Or something built by spendthrift emperors in Ancient Rome.
This is the State Education Department building in Albany, NY.
I marvel at the beauty of this building, and also at what’s perched on top of it.
Now, if you’ve been reading this blog you know I like odd plants. My favorites of all are dandelions and poison ivy. I just have a thing for the unloved ones. And so, being the perverse creature I am, my favorite birds are crows, gulls, and (sorry) pigeons.
Yes, pigeons. Feathered rats. The dandelions of the avian world.
How do pigeons do it? I mean, it certainly isn’t by being crafty and outsmarting humans. Pigeons are not among the most intelligent of animals. Or at least they don’t look smart…they waddle around sticking out their chests and doing that head-bobbing thing.
But actually, maybe they’re not so dumb. A study in the December issue of the journal Science showed that pigeons can do as well as monkeys (and probably better than me) in learning mathematical concepts, like putting groups in numerical order based on how many objects are in the group. It’s been well proven that pigeons, like crows, can identify individual humans by facial characteristics. Pigeons have adapted very successfully to life in cities (a feat I certainly haven’t accomplished.)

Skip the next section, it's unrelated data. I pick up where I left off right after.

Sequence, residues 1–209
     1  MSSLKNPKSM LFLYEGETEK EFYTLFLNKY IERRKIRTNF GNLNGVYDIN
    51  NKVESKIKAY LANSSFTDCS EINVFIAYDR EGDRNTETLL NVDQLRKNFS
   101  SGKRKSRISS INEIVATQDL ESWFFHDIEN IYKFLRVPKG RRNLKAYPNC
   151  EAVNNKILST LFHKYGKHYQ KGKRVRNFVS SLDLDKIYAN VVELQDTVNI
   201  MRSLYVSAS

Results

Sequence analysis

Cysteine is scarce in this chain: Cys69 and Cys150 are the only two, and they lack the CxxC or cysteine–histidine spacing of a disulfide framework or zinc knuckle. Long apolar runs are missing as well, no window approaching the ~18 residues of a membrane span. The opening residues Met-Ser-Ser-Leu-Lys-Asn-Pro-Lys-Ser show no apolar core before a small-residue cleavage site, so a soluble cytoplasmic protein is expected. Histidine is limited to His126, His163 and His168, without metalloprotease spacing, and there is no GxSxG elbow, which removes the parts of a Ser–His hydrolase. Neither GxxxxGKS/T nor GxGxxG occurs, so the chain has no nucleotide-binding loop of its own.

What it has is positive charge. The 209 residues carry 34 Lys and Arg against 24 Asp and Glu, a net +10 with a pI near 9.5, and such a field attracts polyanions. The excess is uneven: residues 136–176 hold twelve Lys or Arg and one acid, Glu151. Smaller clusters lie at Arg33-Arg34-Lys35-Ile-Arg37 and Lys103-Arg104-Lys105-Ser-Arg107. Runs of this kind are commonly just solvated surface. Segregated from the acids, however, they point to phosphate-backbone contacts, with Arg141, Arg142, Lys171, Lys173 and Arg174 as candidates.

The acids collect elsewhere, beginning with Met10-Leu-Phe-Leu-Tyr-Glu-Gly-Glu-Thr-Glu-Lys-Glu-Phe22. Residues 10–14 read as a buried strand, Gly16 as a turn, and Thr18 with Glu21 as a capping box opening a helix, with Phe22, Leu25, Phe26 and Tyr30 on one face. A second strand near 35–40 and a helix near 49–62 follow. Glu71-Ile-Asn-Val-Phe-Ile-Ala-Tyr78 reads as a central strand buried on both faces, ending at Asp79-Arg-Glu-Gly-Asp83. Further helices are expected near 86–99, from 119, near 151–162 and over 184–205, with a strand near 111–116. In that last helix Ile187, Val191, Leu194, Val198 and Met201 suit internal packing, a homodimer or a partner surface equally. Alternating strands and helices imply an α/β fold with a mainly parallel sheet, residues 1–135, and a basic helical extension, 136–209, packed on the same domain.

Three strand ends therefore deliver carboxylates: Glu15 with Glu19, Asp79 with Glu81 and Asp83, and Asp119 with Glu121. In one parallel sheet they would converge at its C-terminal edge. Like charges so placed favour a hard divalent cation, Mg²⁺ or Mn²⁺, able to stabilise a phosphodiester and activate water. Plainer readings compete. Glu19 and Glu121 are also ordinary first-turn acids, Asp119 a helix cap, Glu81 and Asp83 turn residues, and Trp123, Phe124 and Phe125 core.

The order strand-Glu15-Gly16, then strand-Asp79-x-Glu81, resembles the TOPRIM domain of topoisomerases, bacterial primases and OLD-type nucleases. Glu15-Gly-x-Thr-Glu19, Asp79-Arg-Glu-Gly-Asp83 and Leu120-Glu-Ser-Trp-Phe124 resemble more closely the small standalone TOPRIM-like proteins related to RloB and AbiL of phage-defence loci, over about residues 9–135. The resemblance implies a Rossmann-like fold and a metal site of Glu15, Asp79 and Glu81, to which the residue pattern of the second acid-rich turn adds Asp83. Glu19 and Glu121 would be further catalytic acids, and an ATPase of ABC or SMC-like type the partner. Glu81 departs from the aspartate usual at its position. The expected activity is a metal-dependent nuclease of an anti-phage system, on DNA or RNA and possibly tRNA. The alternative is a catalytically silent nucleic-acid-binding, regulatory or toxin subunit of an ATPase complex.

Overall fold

Pigeons aren’t a native species, but they’ve come to fill the niche of being a major food source for native birds of prey. Peregrine falcons, in particular. The endangered peregrines could never have made their stunning come-back, nesting on skyscrapers in cities, without an abundant supply of plump and juicy pigeons.
As with dandelions, the problem with pigeons is mostly more aesthetic than ecological. They’re pests, they’re weeds, they mess up that which we prefer to be tidy (lawns, sidewalks, the tops of statues’ heads…)
Anyway, here on top of the most impressive building in the state capital, a temple dedicated to education–arguably humanity’s noblest and most lofty goal–are the pigeons.